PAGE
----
Welcome to the site for News, Events and up-to-date Information on Traditional Catholicism in the West Midlands (UK). I am one of the Diocesan Representatives for the Latin Mass Society of England & Wales for the Promotion of the Traditional Roman Rite.

Thursday, 17 September 2009

Stabat Mater Dolorósa

On Tuesday evening we had a High Mass at St John Fisher in West Heath. Mr Oliver Hayes, who sung in the choir for this Mass, kindly wrote a report of it on his blog along with some photos which I shall borrow. It was the second High Mass arranged at West Heath, with the first being in July this year.

Dolorósa et lacrimábilis es, Virgo María, stans juxta crucem Dómini Jesu Fílii tui Redemptóris. V. Virgo Dei Génitrix, quem totus non capit orbis, hoc crucis fert supplícium auctor vitae factus homo.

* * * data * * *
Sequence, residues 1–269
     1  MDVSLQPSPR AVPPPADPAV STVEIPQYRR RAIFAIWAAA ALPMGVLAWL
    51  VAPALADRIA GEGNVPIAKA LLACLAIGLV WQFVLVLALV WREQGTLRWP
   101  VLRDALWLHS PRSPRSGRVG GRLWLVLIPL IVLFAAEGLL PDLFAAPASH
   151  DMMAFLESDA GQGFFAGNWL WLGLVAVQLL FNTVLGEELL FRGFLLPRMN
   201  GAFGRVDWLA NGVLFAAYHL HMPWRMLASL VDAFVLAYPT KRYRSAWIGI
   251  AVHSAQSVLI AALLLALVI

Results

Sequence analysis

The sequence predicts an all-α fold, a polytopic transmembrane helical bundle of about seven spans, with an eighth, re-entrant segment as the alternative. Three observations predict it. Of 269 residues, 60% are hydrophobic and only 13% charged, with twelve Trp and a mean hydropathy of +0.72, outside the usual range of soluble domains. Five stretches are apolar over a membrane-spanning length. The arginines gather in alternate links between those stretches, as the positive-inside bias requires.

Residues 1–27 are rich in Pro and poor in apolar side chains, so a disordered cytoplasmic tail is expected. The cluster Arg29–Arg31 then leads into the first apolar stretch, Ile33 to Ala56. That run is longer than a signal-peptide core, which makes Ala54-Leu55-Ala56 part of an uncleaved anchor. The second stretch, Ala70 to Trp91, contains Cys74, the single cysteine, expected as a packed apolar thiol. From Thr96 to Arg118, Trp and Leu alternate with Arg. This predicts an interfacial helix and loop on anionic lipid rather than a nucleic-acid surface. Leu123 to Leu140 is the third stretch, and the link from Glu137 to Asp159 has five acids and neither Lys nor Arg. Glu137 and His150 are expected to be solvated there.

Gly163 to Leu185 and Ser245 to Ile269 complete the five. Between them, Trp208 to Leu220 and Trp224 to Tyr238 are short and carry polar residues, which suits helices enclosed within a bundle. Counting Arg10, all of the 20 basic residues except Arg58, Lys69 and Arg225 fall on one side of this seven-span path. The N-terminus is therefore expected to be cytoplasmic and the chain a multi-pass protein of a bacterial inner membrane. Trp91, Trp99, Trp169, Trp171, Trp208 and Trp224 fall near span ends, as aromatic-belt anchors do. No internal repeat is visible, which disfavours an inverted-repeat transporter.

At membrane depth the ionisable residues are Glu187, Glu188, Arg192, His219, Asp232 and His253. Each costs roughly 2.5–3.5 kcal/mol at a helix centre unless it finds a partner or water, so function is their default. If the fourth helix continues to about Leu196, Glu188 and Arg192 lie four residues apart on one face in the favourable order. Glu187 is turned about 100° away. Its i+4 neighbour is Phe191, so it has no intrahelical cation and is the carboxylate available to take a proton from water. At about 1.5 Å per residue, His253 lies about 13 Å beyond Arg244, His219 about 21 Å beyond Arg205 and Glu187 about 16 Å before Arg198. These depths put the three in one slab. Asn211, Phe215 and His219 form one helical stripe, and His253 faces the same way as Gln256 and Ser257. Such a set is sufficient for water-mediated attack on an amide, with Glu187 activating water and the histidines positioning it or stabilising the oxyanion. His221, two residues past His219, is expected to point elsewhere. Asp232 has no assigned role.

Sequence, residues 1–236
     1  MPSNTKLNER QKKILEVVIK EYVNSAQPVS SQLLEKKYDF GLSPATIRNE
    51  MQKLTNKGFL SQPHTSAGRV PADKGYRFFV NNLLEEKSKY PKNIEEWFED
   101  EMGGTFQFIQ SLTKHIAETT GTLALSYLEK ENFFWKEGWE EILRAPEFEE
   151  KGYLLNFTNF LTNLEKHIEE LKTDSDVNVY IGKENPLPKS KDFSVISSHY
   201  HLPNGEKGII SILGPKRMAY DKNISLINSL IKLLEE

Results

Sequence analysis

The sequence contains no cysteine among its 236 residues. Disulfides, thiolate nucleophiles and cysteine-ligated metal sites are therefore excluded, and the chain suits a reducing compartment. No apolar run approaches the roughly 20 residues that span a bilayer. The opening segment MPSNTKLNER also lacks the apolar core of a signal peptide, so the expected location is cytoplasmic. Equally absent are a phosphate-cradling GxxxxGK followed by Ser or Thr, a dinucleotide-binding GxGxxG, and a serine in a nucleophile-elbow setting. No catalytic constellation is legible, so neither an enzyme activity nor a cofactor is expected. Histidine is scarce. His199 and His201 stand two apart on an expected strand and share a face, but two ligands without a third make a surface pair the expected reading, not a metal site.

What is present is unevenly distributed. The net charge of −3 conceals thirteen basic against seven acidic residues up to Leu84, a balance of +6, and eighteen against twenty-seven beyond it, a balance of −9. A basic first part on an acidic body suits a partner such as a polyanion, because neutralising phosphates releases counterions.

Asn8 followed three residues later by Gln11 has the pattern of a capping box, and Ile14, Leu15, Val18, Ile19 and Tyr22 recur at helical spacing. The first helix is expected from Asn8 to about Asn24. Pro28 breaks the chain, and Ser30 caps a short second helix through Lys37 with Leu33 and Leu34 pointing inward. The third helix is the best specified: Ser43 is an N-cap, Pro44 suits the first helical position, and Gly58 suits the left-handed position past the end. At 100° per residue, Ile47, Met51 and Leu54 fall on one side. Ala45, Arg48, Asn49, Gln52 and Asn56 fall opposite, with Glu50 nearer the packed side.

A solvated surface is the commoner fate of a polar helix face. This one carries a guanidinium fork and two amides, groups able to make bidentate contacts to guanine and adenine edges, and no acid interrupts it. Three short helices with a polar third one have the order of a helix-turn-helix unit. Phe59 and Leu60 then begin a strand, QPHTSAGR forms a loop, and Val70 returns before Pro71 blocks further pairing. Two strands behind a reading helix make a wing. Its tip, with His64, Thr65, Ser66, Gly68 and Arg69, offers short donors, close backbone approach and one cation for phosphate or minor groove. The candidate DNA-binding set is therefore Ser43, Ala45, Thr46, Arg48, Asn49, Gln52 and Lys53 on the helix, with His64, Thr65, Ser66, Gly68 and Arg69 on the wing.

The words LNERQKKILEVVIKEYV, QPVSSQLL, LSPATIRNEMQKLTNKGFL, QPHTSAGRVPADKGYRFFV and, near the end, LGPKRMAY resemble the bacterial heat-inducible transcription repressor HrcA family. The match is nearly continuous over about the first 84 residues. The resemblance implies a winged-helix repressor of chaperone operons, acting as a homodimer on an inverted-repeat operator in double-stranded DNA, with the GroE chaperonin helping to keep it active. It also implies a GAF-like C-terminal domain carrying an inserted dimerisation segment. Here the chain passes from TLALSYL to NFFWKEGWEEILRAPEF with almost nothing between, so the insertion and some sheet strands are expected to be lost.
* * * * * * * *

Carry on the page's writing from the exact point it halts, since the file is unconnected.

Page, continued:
Thou art sorrowful and tearful, O Virgin Mary, standing at the cross of the Lord Jesus, thy Son, our Redeemer. V. O Virgin Mother of God, He whom the whole world doth not contain, beareth this punishment of the cross; He the author of life made man.

The feast of the Seven Dolours of the Blessed Virgin Mary, now known as "Our Lady of Sorrows" in the Ordinary Form, was first held in the 17th century by the Servites. Later, in 1817, it was extended to the whole Church by Pope Pius VII to mark his own deliverance from exile and captivity, through the intercession of the Blessed Virgin. It is therefore as much a feast about our own sufferings, and how these can be united to the Cross of our Lord, in emulation of our Lady's cooperation with humanity's redemption. Redemptive suffering is, therefore, a great thing for us. Without it, suffering can seem empty and pointless, and will almost certainly lead to complete despair.